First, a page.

PS: I’ve got a kiwi accent and most people I know have. It doesn’t sound like hers. She and Bridges have both got Aussie accents or kiwi hillbilly accents AFAIC. Several young 1ewes reporters are nearly – but not quite – as bad. NZ English will rekwoir translaydiz evenchilly.

          • Blazer

             /  15th December 2018

            quite non plussed as to any depth of talent in the National team as far as future cabinet ministers go.The old firm have all departed and theres not alot to choose from imo.

            • Gezza

               /  15th December 2018

              Righto. Fair enuf.

              Who are your picks for talented Ministers in Labour?

              And who are you agreed we should quietly move onto the back seats where they can make up the numbers and read out patsy Questions.

            • Blazer

               /  15th December 2018

              you name the opposition talent first,reasons would be good too.

            • Gezza

               /  15th December 2018

              Never mind. That’s ok. I’d struggle with Labour’s lot & and possibly try divert first, too. Take as long as you need. Then we can talk about mine.

            • Blazer

               /  15th December 2018

              sidestepper…’ It has more credible-looking Cabinet material than Labour.’

            • Gezza

               /  15th December 2018

              I accept your surrender with the good grace in which you just gave it.

  3. robertguyton

     /  15th December 2018

    “when Todd Barclay proved unsuitable as an MP.”
    Indeed.
    Hamish Walker and Sarah Dowie have reputations down here as “show ponies”.
    There’s something a bit insalubrious about the Southern Nat MPs – wonder what’s behind that…LUSK!!

    • Have you got any evidence that Lusk is acting for either of those two MPs? Or is this just an uninformed smear?

      • robertguyton

         /  15th December 2018

        I didn’t say “acting for” and yes, I have, straight from the horses mouth (sorry Sarah, it’s a commonly used expression). In any case, why would a connection to Lusk be a smear, Pete? I’ve not made any judgement at all about the man. I think you are reading to much into a simple statement. Do you regularly ask posters here if their comments are “an uninformed smear”? Most opinion here isn’t backed by evidence, from what I’ve seen. What I haven’t seen is you jumping in every time and intimating a smear.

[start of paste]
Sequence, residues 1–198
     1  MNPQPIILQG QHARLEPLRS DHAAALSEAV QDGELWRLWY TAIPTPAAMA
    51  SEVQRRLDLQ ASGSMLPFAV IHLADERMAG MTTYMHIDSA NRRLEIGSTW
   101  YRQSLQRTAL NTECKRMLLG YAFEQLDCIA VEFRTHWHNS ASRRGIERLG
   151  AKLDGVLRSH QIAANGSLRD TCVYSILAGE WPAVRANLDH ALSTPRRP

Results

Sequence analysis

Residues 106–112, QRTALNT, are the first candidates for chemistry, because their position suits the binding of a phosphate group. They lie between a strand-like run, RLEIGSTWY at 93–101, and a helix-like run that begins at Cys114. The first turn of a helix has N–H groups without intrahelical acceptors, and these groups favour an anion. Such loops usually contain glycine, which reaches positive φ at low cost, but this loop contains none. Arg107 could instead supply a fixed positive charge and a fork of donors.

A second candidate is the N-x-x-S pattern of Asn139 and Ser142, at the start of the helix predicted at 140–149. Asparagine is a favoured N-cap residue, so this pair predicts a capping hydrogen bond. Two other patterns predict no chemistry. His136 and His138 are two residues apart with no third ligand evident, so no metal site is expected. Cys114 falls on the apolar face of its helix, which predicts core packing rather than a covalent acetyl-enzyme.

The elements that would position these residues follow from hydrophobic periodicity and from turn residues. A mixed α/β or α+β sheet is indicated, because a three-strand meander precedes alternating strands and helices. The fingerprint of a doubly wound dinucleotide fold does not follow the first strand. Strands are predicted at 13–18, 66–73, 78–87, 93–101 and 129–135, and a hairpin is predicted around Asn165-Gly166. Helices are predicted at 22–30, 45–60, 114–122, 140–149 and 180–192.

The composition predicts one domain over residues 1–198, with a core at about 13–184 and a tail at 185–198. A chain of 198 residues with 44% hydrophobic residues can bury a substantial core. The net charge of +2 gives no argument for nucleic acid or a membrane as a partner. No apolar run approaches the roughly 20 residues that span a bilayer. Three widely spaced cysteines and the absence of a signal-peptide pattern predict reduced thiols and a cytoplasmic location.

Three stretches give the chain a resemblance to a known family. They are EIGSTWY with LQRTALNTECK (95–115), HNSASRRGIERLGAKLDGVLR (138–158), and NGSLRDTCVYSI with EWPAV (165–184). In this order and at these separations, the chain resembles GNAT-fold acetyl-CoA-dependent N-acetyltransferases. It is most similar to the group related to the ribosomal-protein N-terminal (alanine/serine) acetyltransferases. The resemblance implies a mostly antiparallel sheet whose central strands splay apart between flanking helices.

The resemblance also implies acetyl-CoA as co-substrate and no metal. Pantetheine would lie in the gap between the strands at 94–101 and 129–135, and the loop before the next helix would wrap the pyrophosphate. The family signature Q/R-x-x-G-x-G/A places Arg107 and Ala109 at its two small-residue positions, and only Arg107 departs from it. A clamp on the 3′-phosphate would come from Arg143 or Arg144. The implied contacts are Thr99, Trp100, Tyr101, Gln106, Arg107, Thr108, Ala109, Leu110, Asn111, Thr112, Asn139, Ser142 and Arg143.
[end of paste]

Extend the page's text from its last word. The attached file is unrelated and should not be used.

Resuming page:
• Ok, you said “There’s something a bit insalubrious about the Southern Nat MPs – wonder what’s behind that…LUSK!!”.

          You are saying two southern MPs are seedy and run-down, unwholesome – and claim that’s not a smear.

          And you claim Lusk is “behind that” – which implies that he is influencing them or acting for them.

          Lusk is politically toxic, and any association with him is a bad look for any MP.

          • robertguyton

             /  15th December 2018

            True. You did feature one of those MPs a while back, Pete and “unwholesome” doesn’t seem too harsh to me. I bet also, that Todd Barclay and Lusk were working on the Clutha/Southland MPs future. until…

            • “I bet” sounds like nothing more than speculation. Or a smear.

            • robertguyton

               /  15th December 2018

              “Lusk is politically toxic, and any association with him is a bad look for any MP.”
              Do you reckon those young Nat MPs haven’t had Mr Lusk whispering in their ears?
              They call him Wormtongue. Dunno why.

            • Kitty Catkin

               /  15th December 2018

              Unsalubrious, not in.

  4. Gezza

     /  15th December 2018

    “* Jami-lee Ross 1.0
    Generous. I guess he is still an MP, but in name only, he is still on sick leave.”

    Ridiculous:

    Minus 10 more like it.

    • Gezza

       /  15th December 2018

      Give her my love.

    • Gezza

       /  15th December 2018

      And now that I’ve read her article, tell her I agree: Politician of the Year for me would definitely be Winston Peters.

      (How long have you two been together, or are you just visiting, btw?)

      • PDB

         /  15th December 2018

        Winston Peters is politician of the year by some distance – played a desperate Labour party during negotiations in order to achieve far more than his vote should have allowed and since then does what he likes as he tramples over his very inexperienced coalition partners.

  5. Trevors_Elbow

     /  15th December 2018

    9.5???
    For allowing the Currran affair to run and run and run? For appointing working group after working group after working group to create the policy her and her team were too lazy to sort while in opposition? For allowing Twyford to get nowhere with the flagship Labour policy of Kiwibuild? For lying about Handley? For being corralling and lead by Peters over anything of significance to Peters donors?

    Tracey has been reading between the lines it seems and is marching to the beat of distant sun

    • PDB

       /  15th December 2018

      The fact she somehow gave 6.5 to Twyford suggests her ratings are crap.

      Ardern at best was a 7/10 and only because her MSM profile (spin) is the only difference between labour being a low 30% party (and beyond) and the low 40% party they are at present.

    • Duker

       /  15th December 2018